Advance Australia Fare

This Apron Strings contest submission comes from Jennifer Beer who reminisces about her Dad’s taste for Australian fare that has forged a place in her heart for blood pudding and kippers. Be sure to check out the rest of the Apron Strings contest submissions and rate them. The lucky winners will receive gift certificates to shop at Fiesta Farms.


My dad tended to be the distant sort. When we were growing up, there tended to be a lot of “hush, your father is sleeping” or “hush, your father is reading the paper.” But somehow that made the time we did spend with Dad more precious.

Usually it came in the form of Sunday mornings, when we’d make breakfast in bed for Mum. We had an intercom because their room was fairly distant from the kids’ rooms, and we’d put a pillow over it so we wouldn’t disturb her (it was only years later than she let us know she could still hear every word we said).

Because Dad was Australian, our breakfasts were sometimes a little “different” from what my friends would have… for example, I don’t know many other people with a lifelong love of blood pudding, kippers (both of which I’ve bought at Fiesta Farms), and fried tomatoes for breakfast. But because these were the foods I shared with Dad, they have a special place in my heart and stomach – I have so far failed to pass these loves on to my son, he strangely prefers pancakes and maple syrup.

He did have some more kid-friendly breakfast specialties as well: pikelets (a sort of pancake – or griddlecake, as he would say – but smaller and thicker and puffier), crepes sprinkled with sugar and lemon juice, apple fritters (apple rings dipped in cinnamon sugar, then pancake batter), porridge, and scones.

Usually it was crepes or scones for Mum’s Sunday breakfast in bed; I seem to be the only one in the family who developed a fondness for blood pudding and kippers.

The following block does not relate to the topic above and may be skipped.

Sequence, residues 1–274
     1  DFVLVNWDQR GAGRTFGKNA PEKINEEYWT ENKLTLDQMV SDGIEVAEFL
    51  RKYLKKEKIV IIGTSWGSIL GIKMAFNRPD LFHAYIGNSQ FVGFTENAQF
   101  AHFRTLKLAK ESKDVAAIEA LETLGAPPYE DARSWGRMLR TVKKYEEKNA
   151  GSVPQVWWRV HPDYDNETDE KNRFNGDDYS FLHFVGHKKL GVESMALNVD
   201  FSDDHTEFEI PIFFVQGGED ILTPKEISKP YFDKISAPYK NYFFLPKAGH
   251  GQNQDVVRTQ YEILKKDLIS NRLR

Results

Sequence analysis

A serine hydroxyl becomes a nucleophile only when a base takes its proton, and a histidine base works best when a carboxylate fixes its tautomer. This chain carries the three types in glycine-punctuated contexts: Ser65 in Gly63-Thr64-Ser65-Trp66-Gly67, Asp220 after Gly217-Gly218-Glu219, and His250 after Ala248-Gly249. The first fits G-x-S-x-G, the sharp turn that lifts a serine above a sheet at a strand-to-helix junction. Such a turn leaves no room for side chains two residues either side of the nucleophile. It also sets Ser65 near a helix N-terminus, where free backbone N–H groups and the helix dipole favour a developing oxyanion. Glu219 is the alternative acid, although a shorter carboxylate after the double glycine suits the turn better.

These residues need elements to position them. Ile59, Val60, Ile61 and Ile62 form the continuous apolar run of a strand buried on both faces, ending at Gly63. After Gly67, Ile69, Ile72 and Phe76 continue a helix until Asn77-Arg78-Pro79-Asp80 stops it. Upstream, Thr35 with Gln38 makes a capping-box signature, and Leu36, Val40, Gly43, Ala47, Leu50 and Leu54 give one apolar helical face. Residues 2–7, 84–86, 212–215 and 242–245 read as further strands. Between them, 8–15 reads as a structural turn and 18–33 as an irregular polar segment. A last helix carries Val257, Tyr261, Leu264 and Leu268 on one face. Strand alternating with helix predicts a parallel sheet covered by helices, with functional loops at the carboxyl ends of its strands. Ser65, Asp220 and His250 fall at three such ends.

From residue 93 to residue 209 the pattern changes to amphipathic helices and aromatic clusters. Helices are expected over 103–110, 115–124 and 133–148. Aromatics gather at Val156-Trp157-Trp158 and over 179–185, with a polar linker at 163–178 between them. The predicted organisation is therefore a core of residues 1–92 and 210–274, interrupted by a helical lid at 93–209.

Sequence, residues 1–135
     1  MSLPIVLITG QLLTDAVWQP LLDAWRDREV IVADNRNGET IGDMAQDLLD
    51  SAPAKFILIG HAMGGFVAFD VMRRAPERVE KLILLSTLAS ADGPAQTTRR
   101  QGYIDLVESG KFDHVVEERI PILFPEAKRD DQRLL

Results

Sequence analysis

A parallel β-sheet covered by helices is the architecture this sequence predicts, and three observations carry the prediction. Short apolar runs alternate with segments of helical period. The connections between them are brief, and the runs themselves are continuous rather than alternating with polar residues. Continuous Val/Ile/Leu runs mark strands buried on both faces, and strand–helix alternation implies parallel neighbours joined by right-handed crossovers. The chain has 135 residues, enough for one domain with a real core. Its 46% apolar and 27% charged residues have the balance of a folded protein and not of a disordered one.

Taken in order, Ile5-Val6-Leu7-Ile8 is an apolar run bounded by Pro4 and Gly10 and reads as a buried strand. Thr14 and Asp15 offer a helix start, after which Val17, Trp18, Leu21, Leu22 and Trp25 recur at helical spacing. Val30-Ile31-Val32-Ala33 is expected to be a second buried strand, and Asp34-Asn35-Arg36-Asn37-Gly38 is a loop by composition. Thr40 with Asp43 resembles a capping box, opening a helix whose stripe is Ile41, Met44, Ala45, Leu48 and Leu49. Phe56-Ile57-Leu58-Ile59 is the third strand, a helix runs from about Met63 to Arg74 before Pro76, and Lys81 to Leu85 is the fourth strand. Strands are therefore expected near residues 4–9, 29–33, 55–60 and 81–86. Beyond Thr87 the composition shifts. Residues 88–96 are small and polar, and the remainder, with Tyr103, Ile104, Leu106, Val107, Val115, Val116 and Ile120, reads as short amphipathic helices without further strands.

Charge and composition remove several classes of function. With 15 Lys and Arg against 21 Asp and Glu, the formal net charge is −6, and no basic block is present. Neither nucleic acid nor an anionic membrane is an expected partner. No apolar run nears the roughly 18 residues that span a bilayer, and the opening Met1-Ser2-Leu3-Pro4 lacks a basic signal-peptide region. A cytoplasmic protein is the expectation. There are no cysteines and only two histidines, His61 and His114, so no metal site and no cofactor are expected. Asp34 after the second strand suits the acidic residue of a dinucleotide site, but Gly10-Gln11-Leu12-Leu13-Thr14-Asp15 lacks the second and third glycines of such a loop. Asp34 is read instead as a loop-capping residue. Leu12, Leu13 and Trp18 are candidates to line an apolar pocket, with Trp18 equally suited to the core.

So many memories of him involve his particular tastes: french bread with apricot jam and old cheddar, sardines on toast, beerwurst, buttering the bread before you slice it, marmite, and tea by the gallon.

Seeing as there was not much available in small-town Ontario in the 1970s, he would often bring strange treats home from the city: crusty chewy kaiser rolls from a Swiss bakery, star fruit, passion fruit, all kinds of things we couldn’t get close to home. He used to experiment in the kitchen (I remember the first time we made pesto alla genovese – all that raw garlic was a bit of a shock to the tastebuds), with sometimes mixed results. Like the time he put all of our dry goods into unmarked cannisters, and then made an apple cake, accidentally substituting icing sugar for flour. Or those hamburgers with the chunks of raw onion and bits of not-well-beaten egg (and sometimes even shell).

It’s four years now since he died, and I commemorate his birthday and Australia day every year with a big breakfast fry-up in his honour. I might pick up some blood pudding tonight. I will leave the marmite for someone else to enjoy, though.

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